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The man who survived two atomic bombings

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Tsutomu Yamaguchi, reportedly the "unluckiest man in the world," survived both the atomic bombing at Hiroshima and later on at Nagasaki. Yamaguchi was the only person among 70 people evacuated from Hiroshima to Nagasaki, who survived the second blast. Despite that, he lived a long life until he passed away from stomach cancer at 93 years old. One could also argue that he was in fact the luckiest man in the world. Tsutomu Yamaguchi during an interview in 2005 Reportedly the unluckiest man in the world, Mr. Tsutomu Yamaguchi, was A-bombed at Hiroshima. Later he relocated to Nagasaki, where he survived the second A-bomb attack.  Yamaguchi was the only person among 70 people evacuated from Hiroshima to Nagasaki, who survived the second blast. More surprising is that the two atomic bombs barely affected his life span, as he died of cancer at 93. One could also argue that he was in fact the luckiest man in the world.  Yamaguchi, a resident of Nagasaki, was in Hiroshima for a busin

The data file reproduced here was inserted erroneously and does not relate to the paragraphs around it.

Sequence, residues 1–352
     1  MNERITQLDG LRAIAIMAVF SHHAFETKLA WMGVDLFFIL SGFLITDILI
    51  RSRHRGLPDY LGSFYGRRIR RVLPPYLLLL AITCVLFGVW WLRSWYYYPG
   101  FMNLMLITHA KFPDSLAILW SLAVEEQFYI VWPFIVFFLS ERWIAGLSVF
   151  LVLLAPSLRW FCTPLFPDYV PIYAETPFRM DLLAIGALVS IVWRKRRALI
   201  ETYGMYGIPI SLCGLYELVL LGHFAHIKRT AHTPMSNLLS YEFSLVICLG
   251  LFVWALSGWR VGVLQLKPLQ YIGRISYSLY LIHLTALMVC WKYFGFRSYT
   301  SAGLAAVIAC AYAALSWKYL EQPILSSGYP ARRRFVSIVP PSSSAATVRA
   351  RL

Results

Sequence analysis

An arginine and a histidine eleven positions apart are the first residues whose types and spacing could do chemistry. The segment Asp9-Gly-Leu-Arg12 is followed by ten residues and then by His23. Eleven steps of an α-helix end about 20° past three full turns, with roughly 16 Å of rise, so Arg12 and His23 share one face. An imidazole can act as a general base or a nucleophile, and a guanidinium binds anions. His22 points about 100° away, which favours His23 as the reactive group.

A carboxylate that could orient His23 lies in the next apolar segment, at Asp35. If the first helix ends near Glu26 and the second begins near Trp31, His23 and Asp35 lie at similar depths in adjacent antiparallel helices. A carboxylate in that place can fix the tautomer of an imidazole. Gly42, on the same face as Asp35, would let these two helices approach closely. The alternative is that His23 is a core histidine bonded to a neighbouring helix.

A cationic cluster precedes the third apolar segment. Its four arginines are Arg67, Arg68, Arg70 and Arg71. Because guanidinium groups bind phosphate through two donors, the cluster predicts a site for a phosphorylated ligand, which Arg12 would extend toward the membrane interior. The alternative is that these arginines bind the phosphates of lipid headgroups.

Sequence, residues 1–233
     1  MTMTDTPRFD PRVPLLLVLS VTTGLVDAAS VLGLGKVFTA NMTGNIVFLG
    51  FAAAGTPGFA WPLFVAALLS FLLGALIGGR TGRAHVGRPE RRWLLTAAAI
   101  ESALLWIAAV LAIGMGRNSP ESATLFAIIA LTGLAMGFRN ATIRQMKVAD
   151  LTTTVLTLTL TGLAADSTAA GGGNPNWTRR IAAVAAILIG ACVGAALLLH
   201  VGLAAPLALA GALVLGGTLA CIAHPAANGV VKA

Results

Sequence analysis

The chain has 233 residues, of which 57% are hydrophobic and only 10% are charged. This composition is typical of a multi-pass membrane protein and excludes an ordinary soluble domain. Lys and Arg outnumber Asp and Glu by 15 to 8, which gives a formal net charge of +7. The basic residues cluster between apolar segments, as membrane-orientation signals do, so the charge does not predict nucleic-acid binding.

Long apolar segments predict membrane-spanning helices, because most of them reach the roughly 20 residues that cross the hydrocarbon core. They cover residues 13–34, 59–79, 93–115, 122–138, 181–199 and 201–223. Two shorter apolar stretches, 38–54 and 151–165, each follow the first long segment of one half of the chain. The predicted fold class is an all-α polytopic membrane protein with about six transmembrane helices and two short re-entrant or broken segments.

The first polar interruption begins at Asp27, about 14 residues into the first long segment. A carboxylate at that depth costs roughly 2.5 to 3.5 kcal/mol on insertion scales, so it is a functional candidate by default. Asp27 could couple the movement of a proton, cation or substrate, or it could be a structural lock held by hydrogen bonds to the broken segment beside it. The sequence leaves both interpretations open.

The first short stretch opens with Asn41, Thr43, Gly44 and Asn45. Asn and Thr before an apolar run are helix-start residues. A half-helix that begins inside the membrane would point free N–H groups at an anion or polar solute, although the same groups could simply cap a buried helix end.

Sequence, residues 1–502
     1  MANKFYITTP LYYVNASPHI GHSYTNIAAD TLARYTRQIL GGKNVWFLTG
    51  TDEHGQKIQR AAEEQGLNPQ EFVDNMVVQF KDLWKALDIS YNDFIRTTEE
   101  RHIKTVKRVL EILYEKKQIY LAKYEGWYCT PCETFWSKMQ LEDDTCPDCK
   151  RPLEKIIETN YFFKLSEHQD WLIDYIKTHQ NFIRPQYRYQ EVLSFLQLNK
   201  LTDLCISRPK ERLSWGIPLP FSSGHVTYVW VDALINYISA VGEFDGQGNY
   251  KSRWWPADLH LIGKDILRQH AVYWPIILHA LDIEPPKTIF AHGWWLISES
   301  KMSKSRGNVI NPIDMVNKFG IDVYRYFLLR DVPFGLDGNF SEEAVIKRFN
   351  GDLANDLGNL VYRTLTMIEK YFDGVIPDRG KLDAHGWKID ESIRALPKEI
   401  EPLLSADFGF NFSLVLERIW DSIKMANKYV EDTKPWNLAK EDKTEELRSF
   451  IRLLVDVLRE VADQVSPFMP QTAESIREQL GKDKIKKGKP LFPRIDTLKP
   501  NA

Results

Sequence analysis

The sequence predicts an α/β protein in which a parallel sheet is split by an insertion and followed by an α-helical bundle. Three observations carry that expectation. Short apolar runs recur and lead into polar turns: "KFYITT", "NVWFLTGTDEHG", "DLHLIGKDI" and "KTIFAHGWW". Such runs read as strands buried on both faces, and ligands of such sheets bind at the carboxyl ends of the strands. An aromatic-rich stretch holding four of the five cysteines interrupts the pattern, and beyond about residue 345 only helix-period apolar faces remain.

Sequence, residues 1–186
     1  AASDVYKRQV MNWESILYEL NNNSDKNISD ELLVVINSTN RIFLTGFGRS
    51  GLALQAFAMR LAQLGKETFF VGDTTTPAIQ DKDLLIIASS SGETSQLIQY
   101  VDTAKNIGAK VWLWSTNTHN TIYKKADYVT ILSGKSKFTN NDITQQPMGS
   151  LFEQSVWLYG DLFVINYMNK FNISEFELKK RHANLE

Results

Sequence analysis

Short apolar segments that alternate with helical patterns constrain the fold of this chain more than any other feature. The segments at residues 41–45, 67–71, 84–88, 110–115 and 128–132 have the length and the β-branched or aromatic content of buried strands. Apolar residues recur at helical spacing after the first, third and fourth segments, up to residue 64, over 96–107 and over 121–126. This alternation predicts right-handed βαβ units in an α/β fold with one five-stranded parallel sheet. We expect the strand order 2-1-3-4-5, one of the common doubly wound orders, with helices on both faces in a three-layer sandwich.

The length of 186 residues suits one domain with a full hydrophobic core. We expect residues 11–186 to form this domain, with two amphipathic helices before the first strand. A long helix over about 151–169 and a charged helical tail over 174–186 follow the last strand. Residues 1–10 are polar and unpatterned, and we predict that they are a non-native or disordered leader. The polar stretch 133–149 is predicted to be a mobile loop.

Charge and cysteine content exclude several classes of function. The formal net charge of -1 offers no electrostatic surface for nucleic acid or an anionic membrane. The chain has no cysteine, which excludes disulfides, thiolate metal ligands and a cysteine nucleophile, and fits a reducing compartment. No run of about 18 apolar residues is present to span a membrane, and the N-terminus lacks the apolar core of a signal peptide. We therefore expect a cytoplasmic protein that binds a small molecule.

Share Of University Degrees Going To Women

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This week we take a look at the share of university degrees going to women. Our data begins in the 1869-1870 school year when 1378 women got a Bachelor's degree ,   and none got either a  Master's or a  Doctor's degree.  Things may look a bit bleak, but it must be taken into account that the numbers for men were 7,993, zero, and 1 respectively. While the numbers for women were low at the time, they began to steadily increase over the years and for the 1939-1940 school year, 76,954 got a Bachelor's, 10,223 got a Master's and 429 got a Doctor's degree. Unfortunately, there is no data available for the years the United States participated in World War II . However, we can compare the number of degrees awarded in 1940 and 1950 to see the difference in both the numbers and the genders of the recipients. In 1940, a total of 186,500 bachelor's degrees were given, with 109,546 going to men and 76,954 going to women.  In 1950, the number of bachelor'